Netflix Originals Are Just Bad Enough to Destroy It
Mediocre shows won’t cut it as the world’s biggest streaming company faces more competition
Last year, in August, I settled in with a smile to watch Disenchantment, Netflix’s satirical fantasy sitcom from Simpsons creator Matt Groening. I imagined it would skewer the popular fantasy genre as a hilarious satire of Game of Thrones and Lord of the Rings sword-and-sorcery tropes, with characters every bit as memorable as Marge Simpson and Krusty the Clown.
And so I spent the morning on Netflix, watching the first few episodes, expecting greatness. I chuckled a few times during the pilot, mostly at an elf character named Shocko (the joke is that he’s always shocked). But as I made it through each episode, a half-hour each with no commercials to pad out their running time, I laughed less and less. I glanced at my watch and fidgeted with my iPhone. By the middle of the first season’s initial run of 10 episodes, I began to wonder if I was going to be able to finish the show at all. It just wasn’t funny. The characters weren’t that interesting; they come across as whiny and lacking in personality, despite the voice talents of Abbi Jacobson, Eric Andre, and John DiMaggio.
Disenchantment improved a bit, but not enough to make it must-watch TV. The second half of the first season was released this year. It’s not much better. On paper, this show sounded fantastic. But actually watching 20 episodes of it is punishing; you want it to be so much better, and it never fully delivers.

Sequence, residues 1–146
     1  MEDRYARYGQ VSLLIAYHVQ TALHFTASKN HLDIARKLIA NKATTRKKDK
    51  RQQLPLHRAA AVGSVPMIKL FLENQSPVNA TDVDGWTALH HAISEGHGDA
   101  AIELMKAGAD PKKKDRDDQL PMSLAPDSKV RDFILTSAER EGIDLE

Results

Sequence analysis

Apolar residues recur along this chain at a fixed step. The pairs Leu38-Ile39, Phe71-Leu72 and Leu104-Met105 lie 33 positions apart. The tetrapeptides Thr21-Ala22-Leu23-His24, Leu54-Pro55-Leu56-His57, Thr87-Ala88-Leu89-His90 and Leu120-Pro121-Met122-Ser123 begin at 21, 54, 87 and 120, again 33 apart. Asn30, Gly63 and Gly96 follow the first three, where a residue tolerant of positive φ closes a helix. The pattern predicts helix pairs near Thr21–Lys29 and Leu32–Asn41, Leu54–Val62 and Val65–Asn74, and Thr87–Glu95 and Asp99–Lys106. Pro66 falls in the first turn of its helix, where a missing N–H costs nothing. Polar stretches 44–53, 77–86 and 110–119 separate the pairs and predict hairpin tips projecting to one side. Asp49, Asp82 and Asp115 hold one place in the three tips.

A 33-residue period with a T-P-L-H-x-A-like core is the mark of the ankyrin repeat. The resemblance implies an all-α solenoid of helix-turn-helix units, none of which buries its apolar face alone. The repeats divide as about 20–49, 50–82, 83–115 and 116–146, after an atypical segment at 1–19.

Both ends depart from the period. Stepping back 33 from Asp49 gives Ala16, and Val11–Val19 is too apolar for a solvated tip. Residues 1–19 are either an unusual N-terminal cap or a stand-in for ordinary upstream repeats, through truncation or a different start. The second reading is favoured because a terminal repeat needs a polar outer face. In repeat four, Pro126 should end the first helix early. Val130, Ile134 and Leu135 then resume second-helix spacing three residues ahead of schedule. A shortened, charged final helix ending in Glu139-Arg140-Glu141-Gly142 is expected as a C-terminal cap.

If you watch a lot of Netflix, this is probably a familiar story. For every Netflix series that wins awards and excites critics, say Russian Doll, there are at least three or four that fail to live up to their potential, or that register so little they quickly disappear.
There are series that were added to Netflix only a year or two ago that now sound completely made up. Remember the 2017 Naomi Watts psychotherapy drama Gypsy? That forgotten 10 episodes of television had the unfortunate tagline, “Who are you when no one is watching?” We still don’t know.
Netflix isn’t in a position to settle for so-so much longer. It needs to invest in shows that, however flawed they may be, won’t be damned with faint praise for being mediocre.
As new streaming services from Disney and Apple come online, it’s hard to ignore just how many shows Netflix produces that are fine, perfectly acceptable to watch while you’re folding laundry or skimming Twitter, but not great enough to hold your full attention and win your devotion over multiple seasons.
These are shows like the recent Paul Rudd comedy Living With Yourself, which has only eight episodes but feels like 12 with a bad sag in the middle. There’s the entirety of The Ranch, which ran for an astonishing 70 episodes on Netflix despite getting very little love from critics from the start. The company brought back Insatiable for a second season despite awful reviews and continued outcry about its content. In terms of quality, the material hasn’t transcended its bad press. Ryan Murphy’s big Netflix debut, The Politician, arrived in its first season messy and scattered — a major stumble for the guy who earned wide acclaim for American Horror Story and Glee.